To Spot Runner and VoterVoter, it's all about "democratization" of the political process. "There's always been very broad discourse on the candidates... with blogs, multiple news sources, Web sites, etc.," said Mathewson. "We're simply enabling freedom of speech rights." Still, the fact that such systems could facilitate TV ad buys by operations such as 527 groups, known for negative and influential campaigns, could create controversy.

Although he plans to promote the service to individuals at first, Mathewson didn't rule out going after organizations such as 527s. "We do have designs on a much broader swath of the political populace," he told ClickZ News.

TV spots delivered through these systems must be disclosed in the manner required of all political ads. For instance, the anti-Barack Obama ad from VoterVoter that declares, "He's change we can't believe in," also must indicate who paid for its placement. In addition to disclosure requirements, VoterVoter takes care of Federal Election Commission filings required of political advertisers. Because individuals must disclose their involvement with a candidate campaign, the firm doesn't seem too concerned about rogue political staffers placing ads through its system.

Costs vary to use both platforms, though Mathewson said VoterVoter will take the traditional 15 percent cut from TV stations running its ads, and will require a minimum expenditure of about $1,000 by advertisers. Spot Runner ad creative rates start at $499 and go beyond $15,000.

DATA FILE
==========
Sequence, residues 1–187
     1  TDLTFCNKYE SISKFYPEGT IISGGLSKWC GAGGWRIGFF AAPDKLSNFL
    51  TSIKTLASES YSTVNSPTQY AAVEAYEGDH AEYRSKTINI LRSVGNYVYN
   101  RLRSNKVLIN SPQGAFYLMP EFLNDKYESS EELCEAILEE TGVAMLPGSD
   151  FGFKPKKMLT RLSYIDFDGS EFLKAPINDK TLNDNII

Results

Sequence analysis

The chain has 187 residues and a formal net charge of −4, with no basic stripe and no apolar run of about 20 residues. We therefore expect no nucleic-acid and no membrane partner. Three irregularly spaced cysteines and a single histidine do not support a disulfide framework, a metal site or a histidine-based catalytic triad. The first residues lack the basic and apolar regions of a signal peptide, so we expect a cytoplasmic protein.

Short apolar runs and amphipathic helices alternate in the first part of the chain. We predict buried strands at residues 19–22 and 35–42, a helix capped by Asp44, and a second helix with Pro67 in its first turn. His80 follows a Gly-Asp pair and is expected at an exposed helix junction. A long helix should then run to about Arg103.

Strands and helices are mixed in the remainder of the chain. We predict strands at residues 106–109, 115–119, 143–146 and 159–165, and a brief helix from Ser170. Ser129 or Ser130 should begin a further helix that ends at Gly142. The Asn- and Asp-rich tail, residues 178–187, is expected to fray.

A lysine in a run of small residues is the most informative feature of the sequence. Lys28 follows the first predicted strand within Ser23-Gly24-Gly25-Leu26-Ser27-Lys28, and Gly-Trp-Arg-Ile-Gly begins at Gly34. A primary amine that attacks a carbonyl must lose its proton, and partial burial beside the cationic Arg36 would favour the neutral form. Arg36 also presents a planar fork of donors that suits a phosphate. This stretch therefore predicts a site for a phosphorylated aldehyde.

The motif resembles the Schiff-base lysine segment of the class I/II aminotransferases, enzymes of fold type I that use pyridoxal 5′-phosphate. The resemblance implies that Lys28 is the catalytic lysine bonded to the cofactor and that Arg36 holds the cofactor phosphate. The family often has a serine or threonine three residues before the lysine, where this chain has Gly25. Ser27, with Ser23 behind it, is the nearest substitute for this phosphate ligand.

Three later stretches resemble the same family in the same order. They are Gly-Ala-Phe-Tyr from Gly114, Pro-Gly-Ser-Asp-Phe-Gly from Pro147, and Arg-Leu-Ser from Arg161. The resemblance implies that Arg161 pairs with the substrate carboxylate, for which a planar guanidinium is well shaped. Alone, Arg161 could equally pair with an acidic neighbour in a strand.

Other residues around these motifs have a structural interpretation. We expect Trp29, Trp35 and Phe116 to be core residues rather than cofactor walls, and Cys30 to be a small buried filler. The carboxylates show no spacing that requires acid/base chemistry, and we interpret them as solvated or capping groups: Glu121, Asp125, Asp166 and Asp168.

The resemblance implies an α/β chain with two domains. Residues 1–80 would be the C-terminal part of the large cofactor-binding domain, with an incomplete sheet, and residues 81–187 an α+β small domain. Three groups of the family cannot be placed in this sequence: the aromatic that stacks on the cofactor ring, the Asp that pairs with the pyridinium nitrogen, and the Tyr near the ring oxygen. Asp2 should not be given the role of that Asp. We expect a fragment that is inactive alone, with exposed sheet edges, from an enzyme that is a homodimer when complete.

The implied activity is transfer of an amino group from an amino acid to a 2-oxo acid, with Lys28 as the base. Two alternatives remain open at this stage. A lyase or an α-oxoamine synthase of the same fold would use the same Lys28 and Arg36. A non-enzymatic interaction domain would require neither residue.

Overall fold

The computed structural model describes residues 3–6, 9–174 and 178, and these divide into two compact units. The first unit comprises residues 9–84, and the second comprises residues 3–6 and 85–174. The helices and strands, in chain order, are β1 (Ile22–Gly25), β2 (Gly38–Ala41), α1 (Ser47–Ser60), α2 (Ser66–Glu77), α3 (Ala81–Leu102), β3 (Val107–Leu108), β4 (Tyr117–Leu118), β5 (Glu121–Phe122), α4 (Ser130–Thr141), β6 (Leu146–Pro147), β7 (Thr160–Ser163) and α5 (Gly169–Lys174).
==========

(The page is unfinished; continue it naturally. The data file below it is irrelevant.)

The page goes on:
Although Spot Runner enables digital advertising, it hasn't seen much interest in Web ads from its political advertisers since introducing its system in beta last year. VoterVoter expects to roll out other media options, too, but decided TV was the logical place to start. That conclusion comes as no surprise considering the dearth of online political ad spending, and the fact that donations raised on the Web are often used to advertise on television. Reports indicate online political ad spending in the 2008 election could be as low as $20 million.

According to Tao, many political advertisers don't even buy Spot Runner ads through the Web site. "A lot of our candidates actually call us," she said.


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Kate Kaye

Kate Kaye was Managing Editor at ClickZ News until October 2012. As a daily reporter and editor for the original news source, she covered beats including digital political campaigns and government regulation of the online ad industry. Kate is the author of Campaign '08: A Turning Point for Digital Media, the only book focused on the paid digital media efforts of the 2008 presidential campaigns. Kate created ClickZ's Politics & Advocacy section, and is the primary contributor to the one-of-a-kind section. She began reporting on the interactive ad industry in 1999 and has spoken at several events and in interviews for television, radio, print, and digital media outlets. You can follow Kate on Twitter at @LowbrowKate.